COLUMBUS, Ohio (AP) — Ohio’s public safety director is urging the state Senate to restore proposed distracted-driving penalties and training requirements for first-time drivers to a pending transportation budget, saying the provisions are part of a package of changes aimed at protecting Ohio roads.
The Ohio House stripped those elements of the administration’s Drive Toward a Safer Ohio initiative from the $7 billion transportation bill it sent to the Senate last week, with the intent of reviewing them as part of separate legislation.
Public Safety Director John Born argues that the initiative’s driver training, driver testing and driver safety elements are intertwined, with $250 fines assessed for distracted driving intended to help subsidize proposed new driver’s education requirements for those who can’t afford them.
The administration proposed that all first-time drivers, not just juveniles, be required to undergo minimal driver education training under the plan.
Born said currently in Ohio, a driver with no experience at all can take a test to get a license with “zero education.” He noted that state driving tests don’t test certain critical driving skills, such as highway driving.
“We have people coming into our drivers’ exams stations at the state, getting ready to take their driver’s exams test and getting in the wrong side of the car,” he said. “We have them crashing as they’re getting ready to pull out of the parking lot because they don’t know where the brake is.”
Born said the department would like to see 16- to 25-year-olds required to undergo minimal training, such as a one-day Saturday course like those offered to motorcyclists.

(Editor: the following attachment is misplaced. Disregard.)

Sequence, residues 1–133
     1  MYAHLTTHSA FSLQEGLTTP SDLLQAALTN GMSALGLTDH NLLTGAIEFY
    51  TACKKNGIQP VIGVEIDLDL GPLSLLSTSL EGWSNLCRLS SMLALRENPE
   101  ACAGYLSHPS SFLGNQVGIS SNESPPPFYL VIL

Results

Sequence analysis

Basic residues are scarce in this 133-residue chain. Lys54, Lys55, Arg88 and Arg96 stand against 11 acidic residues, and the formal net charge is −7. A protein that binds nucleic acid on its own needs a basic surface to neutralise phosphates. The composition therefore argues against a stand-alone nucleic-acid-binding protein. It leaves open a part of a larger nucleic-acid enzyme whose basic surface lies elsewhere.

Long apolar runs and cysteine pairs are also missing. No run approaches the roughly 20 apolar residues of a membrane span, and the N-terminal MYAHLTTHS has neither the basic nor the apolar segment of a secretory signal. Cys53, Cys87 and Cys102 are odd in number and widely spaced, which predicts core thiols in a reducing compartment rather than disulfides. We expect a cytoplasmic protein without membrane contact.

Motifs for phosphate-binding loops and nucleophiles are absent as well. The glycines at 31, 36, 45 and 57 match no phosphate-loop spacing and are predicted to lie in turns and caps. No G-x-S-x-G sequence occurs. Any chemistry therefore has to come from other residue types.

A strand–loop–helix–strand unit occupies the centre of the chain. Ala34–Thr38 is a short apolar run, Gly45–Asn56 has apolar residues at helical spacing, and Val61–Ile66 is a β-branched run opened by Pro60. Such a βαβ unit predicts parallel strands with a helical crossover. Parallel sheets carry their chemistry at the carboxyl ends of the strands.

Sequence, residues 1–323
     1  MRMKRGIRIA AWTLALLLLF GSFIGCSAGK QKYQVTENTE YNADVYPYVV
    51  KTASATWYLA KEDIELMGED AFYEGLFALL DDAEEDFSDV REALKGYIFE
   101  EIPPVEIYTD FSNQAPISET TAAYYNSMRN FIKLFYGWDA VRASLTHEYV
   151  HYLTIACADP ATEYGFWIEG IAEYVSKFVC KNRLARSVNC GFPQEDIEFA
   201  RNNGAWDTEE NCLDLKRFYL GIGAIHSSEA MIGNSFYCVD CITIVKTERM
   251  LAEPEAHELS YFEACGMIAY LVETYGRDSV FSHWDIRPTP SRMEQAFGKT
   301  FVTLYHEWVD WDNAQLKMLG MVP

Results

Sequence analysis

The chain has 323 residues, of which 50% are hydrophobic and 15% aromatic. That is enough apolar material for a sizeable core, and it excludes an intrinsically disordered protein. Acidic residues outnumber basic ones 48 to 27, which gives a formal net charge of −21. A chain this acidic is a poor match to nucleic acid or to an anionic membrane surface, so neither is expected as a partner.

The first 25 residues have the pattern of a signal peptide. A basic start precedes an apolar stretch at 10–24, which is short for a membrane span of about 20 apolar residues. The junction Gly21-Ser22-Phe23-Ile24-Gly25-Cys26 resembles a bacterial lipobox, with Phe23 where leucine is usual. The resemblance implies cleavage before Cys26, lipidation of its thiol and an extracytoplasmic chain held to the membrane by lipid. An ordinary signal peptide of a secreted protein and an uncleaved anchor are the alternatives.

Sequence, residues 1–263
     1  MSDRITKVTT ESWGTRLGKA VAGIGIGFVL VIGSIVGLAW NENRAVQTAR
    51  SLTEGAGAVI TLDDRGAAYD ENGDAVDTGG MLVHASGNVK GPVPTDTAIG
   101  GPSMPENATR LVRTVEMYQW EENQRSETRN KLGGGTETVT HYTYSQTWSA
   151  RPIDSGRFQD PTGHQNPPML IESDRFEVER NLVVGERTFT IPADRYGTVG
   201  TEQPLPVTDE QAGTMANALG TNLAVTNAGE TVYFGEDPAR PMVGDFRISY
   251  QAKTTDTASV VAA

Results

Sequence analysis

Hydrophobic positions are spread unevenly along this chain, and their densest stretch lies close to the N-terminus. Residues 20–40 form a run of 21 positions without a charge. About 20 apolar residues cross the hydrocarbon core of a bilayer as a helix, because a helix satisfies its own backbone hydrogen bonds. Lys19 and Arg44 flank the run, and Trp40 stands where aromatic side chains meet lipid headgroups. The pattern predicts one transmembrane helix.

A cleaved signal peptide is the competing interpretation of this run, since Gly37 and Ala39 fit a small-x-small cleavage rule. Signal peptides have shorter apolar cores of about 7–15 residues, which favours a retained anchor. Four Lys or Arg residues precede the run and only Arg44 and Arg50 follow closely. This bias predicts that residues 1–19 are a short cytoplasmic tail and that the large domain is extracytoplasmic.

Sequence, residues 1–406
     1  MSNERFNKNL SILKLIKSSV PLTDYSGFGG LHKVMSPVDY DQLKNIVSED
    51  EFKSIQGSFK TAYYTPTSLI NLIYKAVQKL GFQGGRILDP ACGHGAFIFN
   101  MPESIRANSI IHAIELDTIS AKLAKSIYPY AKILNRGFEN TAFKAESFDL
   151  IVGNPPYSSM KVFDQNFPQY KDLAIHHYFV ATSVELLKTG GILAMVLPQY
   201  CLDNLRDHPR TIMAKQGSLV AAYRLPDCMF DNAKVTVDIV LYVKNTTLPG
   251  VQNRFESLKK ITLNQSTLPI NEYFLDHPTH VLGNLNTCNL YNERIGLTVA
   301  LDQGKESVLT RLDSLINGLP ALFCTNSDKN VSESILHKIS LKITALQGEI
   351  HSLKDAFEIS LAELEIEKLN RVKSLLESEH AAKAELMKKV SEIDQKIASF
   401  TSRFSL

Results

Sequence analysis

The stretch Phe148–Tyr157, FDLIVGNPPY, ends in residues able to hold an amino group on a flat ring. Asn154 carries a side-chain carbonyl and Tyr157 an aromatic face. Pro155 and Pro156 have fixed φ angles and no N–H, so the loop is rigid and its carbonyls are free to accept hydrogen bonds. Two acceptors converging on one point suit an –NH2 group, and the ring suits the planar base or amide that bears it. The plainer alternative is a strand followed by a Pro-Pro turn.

That age group makes up only about a quarter of all drivers but is responsible for 63 percent of accidents, he said.
“So even if you don’t have someone in that age group, this should matter to you if you live in Ohio, because they’re the most dangerous driver when it comes to being at fault out there on the road with you,” he said.
Another proposal would impose a 1-year probationary period on minor drivers regardless of age, so if they start driving at age 17, they would still be on probation as an 18-year-old.
Born said collecting fines for distracted driving would help cover the costs of the added training requirements. The infraction would be expanded to distracting activities beyond texting, such as reading email on or making calls by hand on a handheld device, knitting, or reading a newspaper or book behind the wheel.
The determination would be up to the officer, Born said, and the fine would only be an add-on to a ticket not an infraction in itself. In that way, Born said it would function like fees assessed now for speeding in a construction zone.
State Rep. Cheryl Grossman, chair of the House Finance transportation subcommittee, said a separate bill she expects to be ready next week will bump up distracted driving from an add-on penalty to a secondary offense but lower the fine proposed by the administration.
“The goal is to bring awareness to what we’re doing, to educate the public. It’s not to generate revenue,” she said.
Senate President Keith Faber said he expects committee and floor votes on the transportation bill by Wednesday, noting that the Public Safety Department’s position on youth driving “seems reasonable.”
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